Although much research has been carried on the in vitro and in vivo metabolism profiles of AST and CAG, only a few articles that deal with metabolism enzymes elucidate the potential toxicity and herb-drug interactions. Shan et al. [10] reported that AST was a competitive inhibitor of CYP2C9 and a non-competitive inhibitor of CYP3A4 in an in vitro study. Another study performed by Zhang et al. [11] found that AST exerted obvious inhibitory effects on CYP1A2 activity in rats, using theophylline as the probe. However, compared with phase I metabolizing enzymes, no research has been conducted on the interaction of AST and CAG with phase II conjugating enzymes.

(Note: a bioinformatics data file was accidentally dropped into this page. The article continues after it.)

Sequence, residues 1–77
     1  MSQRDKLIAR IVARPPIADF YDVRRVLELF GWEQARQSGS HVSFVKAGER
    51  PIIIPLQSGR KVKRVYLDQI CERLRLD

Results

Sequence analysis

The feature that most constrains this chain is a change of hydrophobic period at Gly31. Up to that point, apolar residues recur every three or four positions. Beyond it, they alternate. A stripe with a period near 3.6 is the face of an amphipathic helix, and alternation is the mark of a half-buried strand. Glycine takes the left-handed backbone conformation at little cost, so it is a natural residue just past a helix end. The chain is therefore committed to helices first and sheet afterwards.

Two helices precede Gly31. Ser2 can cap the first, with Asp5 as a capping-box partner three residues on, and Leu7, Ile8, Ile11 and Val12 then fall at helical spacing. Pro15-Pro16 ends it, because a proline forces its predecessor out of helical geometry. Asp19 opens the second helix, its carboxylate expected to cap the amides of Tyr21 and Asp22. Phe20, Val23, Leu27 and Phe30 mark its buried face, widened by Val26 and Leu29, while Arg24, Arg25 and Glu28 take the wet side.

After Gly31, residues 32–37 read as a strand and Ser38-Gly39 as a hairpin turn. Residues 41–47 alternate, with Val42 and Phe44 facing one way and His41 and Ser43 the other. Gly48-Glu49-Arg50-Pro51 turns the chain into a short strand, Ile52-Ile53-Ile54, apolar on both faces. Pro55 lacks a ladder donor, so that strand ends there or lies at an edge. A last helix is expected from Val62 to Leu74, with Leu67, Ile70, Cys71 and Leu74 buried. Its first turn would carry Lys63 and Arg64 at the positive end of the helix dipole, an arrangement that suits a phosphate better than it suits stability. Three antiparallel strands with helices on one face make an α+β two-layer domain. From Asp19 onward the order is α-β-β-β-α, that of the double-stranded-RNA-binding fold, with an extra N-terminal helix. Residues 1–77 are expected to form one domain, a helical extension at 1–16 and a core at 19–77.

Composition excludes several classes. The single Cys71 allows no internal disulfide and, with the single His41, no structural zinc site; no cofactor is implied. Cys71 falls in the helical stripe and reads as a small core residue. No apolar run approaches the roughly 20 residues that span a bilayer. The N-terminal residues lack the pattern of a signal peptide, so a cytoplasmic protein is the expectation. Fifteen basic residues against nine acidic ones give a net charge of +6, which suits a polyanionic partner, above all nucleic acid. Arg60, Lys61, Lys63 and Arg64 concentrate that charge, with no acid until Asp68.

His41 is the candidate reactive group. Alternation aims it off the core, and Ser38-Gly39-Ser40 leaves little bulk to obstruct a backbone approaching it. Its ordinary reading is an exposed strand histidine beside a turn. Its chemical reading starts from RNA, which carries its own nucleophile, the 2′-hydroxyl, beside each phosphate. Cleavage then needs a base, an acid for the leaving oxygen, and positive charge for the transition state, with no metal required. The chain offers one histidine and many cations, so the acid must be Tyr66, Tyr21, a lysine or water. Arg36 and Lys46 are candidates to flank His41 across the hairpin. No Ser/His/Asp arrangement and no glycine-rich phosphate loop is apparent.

Human UDP-glucuronosyltransferase (UGT) enzymes are one of the most important phase II metabolizing enzymes, predominantly catalyzing the glucuronidation reactions of endobiotics, drugs and xenobiotics, generally making these molecules more amended to biliary and renal excretion. The disposition and clearance of drugs may be significantly changed when UGT are modulated by co-administrated drugs or herbal medicines. For example, fluconazole itself is not metabolized by UGT but alter pharmacokinetic parameters of co-administrated zidovudine in AIDS patients, because the glucuronidation of zidovudine by UGT2B7 is strongly inhibited by fluconazole [12]; indinavir [13] and sorafenib [14] can disturb the activity of UGT1A1, resulting in the inhibition of bilirubin gulucuronidation; atractylenolide I and III have been proven to specifically inhibit UGT2B7, thus affecting drugs undergoing UGT2B7- catalyzed metabolism [15].